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    All right, as a US citizen PR, Culebra, Vieques and the USVI's are your easiest options since you already have US Citizenship. Moving there is just like moving across town from where you now like - only difference is cost of your transportation. Go to the USVI relocation website I mentioned - take the time (you'll need days or weeks for this as besides the basics there are litterally thousands of threads on the forum) to read everything there and you'll know what's in store for you.

    FYI - Puerto Rico is fairly built up so unless you plan to reside in parts of the island that are of the beaten path you may find living there pretty much like living in any mid-size US mainland city. Culebra and Vieques are not as developed so expect a more rustic life if you choose either of those. St. John is a very expensive island. St. thomas more crowded and St. Croix a bit more laid back.

    Keep in mind living expenses in PR and the USVI's (as well as throughout most of the Caribbean)will probably be higher than where you now live so unless you expect to be able to increas your earning power as a result of your move you may have to reduce your standard of living.

    The Caymans are "very expensive" islands and the immigration rules are pretty much as outlined in my earlier post. Aruba is less expensive (but not by much) and similar immigration rules apply.

    Also, regarding your ability to "work from home" on some islands that will still constitute "working on the island" and will require that you obtain a Work Permit or establishing a business that will employ locals or at the very least require you to have a "local" as a partner. Check with the local government authorities before making any commitments. That's why it's important to hire an local attorney if you are contemplating immigration to an island (country) where you are not already a citizen or have residency status.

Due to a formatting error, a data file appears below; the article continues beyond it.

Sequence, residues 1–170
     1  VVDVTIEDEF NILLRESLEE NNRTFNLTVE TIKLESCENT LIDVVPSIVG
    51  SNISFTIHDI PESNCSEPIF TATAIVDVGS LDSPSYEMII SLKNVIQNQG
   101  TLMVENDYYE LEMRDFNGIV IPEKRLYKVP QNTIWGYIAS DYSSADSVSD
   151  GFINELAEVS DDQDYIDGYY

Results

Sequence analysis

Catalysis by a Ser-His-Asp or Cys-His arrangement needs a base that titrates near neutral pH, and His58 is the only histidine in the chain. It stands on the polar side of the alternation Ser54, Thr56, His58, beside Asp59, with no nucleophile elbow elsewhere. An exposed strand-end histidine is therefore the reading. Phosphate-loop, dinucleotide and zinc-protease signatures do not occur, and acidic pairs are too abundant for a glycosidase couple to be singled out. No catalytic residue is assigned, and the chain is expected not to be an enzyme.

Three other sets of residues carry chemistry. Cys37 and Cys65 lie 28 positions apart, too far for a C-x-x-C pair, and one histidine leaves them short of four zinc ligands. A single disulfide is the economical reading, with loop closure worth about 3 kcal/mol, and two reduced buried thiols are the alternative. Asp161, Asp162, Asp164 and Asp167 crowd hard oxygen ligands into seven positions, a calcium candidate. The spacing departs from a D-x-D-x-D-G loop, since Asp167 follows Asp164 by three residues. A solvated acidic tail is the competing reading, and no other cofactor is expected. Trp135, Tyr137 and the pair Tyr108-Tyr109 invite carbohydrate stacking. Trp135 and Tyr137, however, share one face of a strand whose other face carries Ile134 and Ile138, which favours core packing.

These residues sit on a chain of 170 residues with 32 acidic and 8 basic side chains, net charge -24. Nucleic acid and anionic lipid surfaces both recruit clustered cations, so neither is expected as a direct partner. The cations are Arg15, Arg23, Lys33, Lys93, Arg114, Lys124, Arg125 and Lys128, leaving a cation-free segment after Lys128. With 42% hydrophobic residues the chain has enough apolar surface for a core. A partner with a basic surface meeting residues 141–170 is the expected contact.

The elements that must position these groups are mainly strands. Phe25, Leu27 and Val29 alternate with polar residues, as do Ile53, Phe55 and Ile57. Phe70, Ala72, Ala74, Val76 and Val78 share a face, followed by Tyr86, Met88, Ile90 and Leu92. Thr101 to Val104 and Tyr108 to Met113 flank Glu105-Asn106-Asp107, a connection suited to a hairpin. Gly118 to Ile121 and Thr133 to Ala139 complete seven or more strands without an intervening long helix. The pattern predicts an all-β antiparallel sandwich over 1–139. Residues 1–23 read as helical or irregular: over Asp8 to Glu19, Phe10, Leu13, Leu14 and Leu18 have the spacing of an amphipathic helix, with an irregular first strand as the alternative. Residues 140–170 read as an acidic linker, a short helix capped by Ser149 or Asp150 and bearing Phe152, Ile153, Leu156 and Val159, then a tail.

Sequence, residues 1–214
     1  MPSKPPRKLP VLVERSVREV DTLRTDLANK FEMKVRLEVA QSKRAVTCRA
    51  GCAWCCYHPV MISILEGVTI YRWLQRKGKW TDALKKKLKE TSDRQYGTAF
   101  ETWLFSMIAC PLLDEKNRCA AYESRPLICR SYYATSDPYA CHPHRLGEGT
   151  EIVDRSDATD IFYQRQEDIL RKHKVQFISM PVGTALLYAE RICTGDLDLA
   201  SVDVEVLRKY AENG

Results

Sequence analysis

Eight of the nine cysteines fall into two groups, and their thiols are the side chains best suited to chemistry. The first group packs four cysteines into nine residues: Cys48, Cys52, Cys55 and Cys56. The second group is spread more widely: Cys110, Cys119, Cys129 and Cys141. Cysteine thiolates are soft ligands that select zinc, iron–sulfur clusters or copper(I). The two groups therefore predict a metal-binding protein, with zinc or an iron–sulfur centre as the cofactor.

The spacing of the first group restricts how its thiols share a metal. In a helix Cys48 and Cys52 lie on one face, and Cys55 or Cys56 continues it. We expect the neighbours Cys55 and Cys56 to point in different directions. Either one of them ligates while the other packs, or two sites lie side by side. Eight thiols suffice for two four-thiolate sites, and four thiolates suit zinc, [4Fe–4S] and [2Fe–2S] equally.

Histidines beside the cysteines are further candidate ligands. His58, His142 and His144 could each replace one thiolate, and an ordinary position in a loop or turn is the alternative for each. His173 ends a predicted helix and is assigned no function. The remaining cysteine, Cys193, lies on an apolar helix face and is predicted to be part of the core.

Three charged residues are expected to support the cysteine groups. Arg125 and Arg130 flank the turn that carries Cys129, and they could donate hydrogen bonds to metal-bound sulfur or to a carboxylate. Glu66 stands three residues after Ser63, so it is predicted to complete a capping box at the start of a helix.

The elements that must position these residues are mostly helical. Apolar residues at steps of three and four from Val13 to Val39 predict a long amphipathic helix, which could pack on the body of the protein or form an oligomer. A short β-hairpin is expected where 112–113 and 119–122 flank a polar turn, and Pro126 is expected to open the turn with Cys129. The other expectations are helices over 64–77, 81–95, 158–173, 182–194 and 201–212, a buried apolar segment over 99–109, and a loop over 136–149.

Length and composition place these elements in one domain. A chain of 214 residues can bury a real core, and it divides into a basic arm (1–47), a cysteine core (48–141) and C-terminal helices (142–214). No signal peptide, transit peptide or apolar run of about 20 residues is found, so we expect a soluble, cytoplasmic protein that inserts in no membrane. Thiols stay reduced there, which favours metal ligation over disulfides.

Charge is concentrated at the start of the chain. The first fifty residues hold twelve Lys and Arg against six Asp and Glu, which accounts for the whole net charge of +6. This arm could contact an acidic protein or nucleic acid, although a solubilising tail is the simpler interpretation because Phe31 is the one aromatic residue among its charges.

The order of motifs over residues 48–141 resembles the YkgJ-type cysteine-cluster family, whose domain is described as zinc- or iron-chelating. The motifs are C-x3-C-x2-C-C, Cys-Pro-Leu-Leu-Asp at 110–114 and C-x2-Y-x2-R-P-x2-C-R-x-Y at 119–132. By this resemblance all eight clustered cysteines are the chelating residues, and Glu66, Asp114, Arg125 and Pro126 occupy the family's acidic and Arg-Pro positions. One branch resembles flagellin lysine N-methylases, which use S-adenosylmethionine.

Lastly, other tropical areas you might consider are Belize, Roatan and Costa Rica -the cost of living in those places is likely to be lower than the mainstrean Caribbean islands.

    If you decide to relocate to somewhere other than PR or the USVI's keep in mind you are dealing with significant legal issues here so don't rely too heavily on the advice you receive on a travel forum. Save yourself a lot of headaches and get immigration advice directly from the government of the country where you are planning to live and (I've said this before) HIRE A LOCAL ATTORNEY. I can't stress this point enough.

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    What about just being an extended tourist? Can't you stay 6 months on almost any island as a tourist? If you would just go home to the States every six months, or even travel on to another island every six months, you might be able to get around that. I definitely agree with others, though, that you get real legal advice and not just anecdotal advice like we're giving here.